Breathing easily

Onwards and upwards with a joyous jig and a merry tune to lighten the day.  It is another rugby day in Twickenham.  The Italian visitors are looking dejected before the game has even started but they do all look rather elegant.  Gucci shoes to match their Azzurri shirts.  I am not convinced that Pizza Hut Twickenham will be seeing many of their euro’s after the match.

Where was I?  Ahh, singing and dancing.   The rear brake spline thingy is slowly working its way towards the ever-increasing pile of unwanted/broken Little Project parts.  So confident am I that this problem is solved that I have ordered a new one to replace it (mostly so that I know what bits I need to hack out of the frame and what bits need to stay where they are and remain unsullied by my drill).

The successful removal is obviously down to a very technical and planned procedure revolving around a shipment of 20 drill bits and 10 junior hacksaw blades.  It seems that the secret of drilling through steel is slowly with much pressure and not at great speed with a light wrist.  Who’d have thought it?  A pilot hole went through with about 15 minutes drilling and was enlarged in no time at all.   A hacksaw blade into the hole and a bit (well, quite a lot actually) of sawing later the first part of the obsticle is gone.  A bonus, I only managed to break 5 drills and lose skin from one knuckle.   As a reward I thought I’d treat myself to some slightly more mechanical messing and take a look at the carburettor instead.

The carb is a simple item, it takes a feed of fuel, mixes it with air and passes it into the cylinder.   There is a slide attached to the throttle that regulates the amount of air (and thus the amount of fuel) and there’s a little chamber that fuel sits in ready to be processed.  The chamber has a float in it to stop it filling up too much, just like the one in your toilet.

That is of course very simplified, but you get the idea.  The carb is one of those spotless places where nothing gets sullied and the slightest spec of dirt can cause no end of problems.   This was what the carburettor on Little Project looks like…


I think the white stuff is either the remains of some fuel or cocaine (sort of the same thing then!).  The floats don’t float.  The slide isn’t shown in the picture because it doesn’t slide and is stuck in the chamber of the carberettor.  There should be a needle in there as well.  Lord only knows where that has gone.   Needless to say that there is some pretty serious work to be done on this to get it back up to scratch.   Either that or it will be another month long ebay search to find a half decent one.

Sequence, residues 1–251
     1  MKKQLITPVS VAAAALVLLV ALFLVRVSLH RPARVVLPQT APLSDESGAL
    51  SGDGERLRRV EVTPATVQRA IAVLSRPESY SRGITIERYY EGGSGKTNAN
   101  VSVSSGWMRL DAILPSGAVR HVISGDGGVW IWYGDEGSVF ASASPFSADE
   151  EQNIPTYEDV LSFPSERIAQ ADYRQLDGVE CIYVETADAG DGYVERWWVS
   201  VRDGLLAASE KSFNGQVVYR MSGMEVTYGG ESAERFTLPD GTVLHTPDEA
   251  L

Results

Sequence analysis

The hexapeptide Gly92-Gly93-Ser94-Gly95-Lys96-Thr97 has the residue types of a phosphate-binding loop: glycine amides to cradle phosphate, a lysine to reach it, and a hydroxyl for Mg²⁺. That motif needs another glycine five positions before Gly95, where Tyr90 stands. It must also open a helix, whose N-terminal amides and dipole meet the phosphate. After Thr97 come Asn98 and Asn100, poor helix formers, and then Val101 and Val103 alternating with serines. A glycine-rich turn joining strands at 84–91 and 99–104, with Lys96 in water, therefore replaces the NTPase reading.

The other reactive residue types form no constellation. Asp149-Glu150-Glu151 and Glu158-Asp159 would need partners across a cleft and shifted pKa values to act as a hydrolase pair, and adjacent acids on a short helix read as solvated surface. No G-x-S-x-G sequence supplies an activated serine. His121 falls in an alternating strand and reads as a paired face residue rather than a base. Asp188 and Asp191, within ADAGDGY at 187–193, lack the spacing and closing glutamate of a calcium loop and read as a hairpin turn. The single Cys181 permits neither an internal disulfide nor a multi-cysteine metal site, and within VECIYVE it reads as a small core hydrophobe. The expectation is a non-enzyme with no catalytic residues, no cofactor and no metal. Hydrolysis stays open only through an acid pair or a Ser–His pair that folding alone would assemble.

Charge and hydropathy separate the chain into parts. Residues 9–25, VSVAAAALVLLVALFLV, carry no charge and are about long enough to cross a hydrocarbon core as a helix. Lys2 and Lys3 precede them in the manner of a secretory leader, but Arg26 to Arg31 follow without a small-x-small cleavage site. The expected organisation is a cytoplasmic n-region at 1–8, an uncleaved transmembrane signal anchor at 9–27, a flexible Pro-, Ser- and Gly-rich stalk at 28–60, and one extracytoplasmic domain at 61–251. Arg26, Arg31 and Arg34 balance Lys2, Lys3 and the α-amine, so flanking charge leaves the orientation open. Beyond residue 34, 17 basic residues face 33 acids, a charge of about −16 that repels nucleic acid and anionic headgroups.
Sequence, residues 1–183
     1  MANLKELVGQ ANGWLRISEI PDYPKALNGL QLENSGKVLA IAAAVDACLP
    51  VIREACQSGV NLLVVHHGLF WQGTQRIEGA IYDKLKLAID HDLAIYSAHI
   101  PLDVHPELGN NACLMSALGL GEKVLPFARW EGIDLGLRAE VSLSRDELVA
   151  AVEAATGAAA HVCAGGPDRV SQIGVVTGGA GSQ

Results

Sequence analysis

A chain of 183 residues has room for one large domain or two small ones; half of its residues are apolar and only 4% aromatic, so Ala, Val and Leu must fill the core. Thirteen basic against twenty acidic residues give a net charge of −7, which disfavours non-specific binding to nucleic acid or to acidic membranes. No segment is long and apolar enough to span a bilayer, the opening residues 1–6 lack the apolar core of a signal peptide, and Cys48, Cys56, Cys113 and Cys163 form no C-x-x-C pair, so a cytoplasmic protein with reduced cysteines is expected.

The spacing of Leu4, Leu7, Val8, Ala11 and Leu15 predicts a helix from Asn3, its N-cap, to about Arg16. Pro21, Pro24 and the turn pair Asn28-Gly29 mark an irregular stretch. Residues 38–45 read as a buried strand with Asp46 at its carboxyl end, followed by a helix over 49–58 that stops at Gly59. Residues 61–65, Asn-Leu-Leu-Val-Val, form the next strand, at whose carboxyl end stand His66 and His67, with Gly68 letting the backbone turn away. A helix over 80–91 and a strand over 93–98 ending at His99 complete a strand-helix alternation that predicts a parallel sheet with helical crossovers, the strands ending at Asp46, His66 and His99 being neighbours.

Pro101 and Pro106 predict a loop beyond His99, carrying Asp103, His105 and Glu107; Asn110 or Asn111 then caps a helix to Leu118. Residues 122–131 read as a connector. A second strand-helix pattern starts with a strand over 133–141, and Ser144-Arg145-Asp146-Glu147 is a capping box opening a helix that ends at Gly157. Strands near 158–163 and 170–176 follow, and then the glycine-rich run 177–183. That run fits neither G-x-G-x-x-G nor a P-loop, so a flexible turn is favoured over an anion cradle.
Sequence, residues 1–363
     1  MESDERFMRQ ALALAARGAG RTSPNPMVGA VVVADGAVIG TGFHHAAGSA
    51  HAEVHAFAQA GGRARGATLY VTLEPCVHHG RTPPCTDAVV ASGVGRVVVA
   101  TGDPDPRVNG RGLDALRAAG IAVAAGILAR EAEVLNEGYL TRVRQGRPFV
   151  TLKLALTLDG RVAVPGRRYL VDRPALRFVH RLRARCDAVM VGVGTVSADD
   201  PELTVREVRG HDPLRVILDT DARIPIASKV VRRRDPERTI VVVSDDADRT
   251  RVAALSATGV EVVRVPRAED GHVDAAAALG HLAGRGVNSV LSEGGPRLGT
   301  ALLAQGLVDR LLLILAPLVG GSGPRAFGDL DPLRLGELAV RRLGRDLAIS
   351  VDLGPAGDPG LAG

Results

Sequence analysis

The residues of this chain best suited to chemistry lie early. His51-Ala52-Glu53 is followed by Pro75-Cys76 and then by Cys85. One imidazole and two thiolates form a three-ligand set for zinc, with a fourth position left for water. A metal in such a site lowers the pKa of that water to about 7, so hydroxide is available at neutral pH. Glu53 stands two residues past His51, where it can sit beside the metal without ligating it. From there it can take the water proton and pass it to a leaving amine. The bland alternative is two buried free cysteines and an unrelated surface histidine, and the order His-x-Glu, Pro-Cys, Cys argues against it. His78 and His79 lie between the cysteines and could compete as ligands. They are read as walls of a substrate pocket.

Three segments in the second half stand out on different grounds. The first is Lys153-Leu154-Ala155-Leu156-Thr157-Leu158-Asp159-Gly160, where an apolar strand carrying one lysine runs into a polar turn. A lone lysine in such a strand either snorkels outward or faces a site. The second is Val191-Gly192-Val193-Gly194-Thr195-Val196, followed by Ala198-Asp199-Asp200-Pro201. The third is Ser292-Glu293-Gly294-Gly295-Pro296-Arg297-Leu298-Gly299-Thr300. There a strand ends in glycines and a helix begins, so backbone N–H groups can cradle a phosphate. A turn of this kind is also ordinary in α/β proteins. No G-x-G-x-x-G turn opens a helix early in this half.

All in all though it has been a good weekend and progress has been made.   Envigorated, I shall renew my attempts to find out more about the bike and how it ended up in the (still bloody cold) shed.


2 thoughts on “Breathing easily

  1. Old tip – Once you have sourced a carb repair kit (gaskets, O-rings etc…) and have stripped the carb down. Get a old large saucepan, fill with water and a tiny drop of washing up liquid. Heat gently and suspend the carb in the water with a wire coat hanger, and leave to clean. Don´t let it get too hot as it can warp the block. Once all the crap has come out, rinse thoroughly and dry in the airing cupboard. With a brother and a Dad who all did their own motor mechanics, my mum was never surprised what she found on the hob or in the airing cupboard. Might be an idea to pop the swan neck, float and any other small brass fitments into a muslin bag so they don’t escape down the sink when you drain the pan.

    You could use distilled / de-ionised water if you live in a area where the water is very chalky.
    Works with injectors as well.

    Have fun.

  2. It’s the same engine as a Honda CB125 just with slightly different gearing. They are a lot more common so you will find any engine parts you need from one of them.

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